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Want to read Wired, the New Yorker, or another popular publication on your iPad for free? Well, it seems that you can.
According to the Huffington Post (via CrunchGear), the iPad has a security hole that allows anyone with a brain to freely download paid publications without dropping a cent. In just a few simple steps and a single word change, a user can make a bunch of publications show "download" instead of "buy." This will actually allow the user to download free of charge. The single word is located in a .plist file. Once changed from "purchasable" to "viewable" the iPad seems to be fooled into thinking that you don't have to pay to check out these apps. Similar types of vulnerabilities can be found with other, non-publication apps as well.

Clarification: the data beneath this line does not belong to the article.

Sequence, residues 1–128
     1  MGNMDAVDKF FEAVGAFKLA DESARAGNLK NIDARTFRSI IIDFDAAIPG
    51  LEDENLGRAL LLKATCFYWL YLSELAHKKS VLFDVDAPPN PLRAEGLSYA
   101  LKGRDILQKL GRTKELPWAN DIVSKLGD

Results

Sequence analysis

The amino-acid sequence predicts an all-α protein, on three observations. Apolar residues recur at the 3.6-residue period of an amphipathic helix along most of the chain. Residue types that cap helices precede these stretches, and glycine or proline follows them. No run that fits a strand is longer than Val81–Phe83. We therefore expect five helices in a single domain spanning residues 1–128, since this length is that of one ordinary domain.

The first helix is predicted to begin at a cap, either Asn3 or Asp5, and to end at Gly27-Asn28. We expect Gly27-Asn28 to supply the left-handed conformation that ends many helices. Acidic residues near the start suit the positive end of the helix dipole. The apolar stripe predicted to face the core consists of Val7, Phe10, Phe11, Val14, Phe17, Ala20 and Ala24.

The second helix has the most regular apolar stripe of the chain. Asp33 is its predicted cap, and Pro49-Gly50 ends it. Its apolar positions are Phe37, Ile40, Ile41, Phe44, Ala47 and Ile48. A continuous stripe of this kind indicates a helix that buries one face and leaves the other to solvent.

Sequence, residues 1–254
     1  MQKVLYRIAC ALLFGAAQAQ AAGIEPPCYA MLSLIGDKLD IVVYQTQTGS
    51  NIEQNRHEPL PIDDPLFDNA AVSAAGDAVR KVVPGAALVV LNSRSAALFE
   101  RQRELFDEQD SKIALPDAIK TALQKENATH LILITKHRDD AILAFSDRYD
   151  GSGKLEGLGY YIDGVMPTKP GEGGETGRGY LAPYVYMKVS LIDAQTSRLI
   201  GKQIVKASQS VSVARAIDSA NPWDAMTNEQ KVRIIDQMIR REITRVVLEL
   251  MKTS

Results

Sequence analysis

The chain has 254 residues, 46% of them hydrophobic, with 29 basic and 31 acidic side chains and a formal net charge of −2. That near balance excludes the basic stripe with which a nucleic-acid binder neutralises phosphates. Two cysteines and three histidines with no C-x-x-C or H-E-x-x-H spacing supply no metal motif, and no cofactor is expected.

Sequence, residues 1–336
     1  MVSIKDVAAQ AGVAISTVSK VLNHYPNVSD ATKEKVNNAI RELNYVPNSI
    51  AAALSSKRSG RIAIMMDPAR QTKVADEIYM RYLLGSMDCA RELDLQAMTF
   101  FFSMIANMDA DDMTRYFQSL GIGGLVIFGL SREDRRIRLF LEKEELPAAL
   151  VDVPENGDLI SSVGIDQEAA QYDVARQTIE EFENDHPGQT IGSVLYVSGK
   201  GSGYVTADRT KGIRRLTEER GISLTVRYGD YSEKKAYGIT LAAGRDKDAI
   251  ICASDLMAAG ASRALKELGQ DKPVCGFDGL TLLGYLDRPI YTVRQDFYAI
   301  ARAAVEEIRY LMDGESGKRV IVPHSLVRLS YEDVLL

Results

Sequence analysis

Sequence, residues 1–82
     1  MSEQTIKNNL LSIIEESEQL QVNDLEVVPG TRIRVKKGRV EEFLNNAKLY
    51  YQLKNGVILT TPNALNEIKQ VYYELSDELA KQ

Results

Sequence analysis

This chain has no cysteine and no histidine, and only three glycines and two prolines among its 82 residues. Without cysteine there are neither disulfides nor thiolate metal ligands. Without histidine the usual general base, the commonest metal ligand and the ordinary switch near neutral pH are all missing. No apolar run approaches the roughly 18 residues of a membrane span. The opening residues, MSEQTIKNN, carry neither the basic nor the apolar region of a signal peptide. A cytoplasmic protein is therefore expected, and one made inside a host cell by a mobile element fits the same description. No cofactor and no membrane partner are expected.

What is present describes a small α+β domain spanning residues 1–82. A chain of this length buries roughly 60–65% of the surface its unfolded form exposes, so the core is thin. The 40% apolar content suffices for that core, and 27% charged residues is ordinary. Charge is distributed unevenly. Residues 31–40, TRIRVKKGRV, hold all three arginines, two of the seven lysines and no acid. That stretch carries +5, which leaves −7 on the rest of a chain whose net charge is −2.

Adobe, who manages both the Wired and New Yorker iPad apps has told the Huffington Post that are very concerned about piracy issues on the iPad. In their statement, Adobe confirms the problem and vows to protect its content.
"We have confirmed that it is possible for experienced users with detailed instructions to access some digital publications on the iPad that have not been purchased. We are working on a fix and expect to deliver a new version of our Digital Content Viewer to publishers on Friday, October 8."
Seeing as it's already the 14th of October and the hack was still working a few days ago (when the Huffington Post posted their article), it would seem that the parties involved in the fix don't seem to be in too much of a rush. At the time of writing, no statement has been made by Apple. It seems that publishers will have to find a way to protect their content by their lonesome.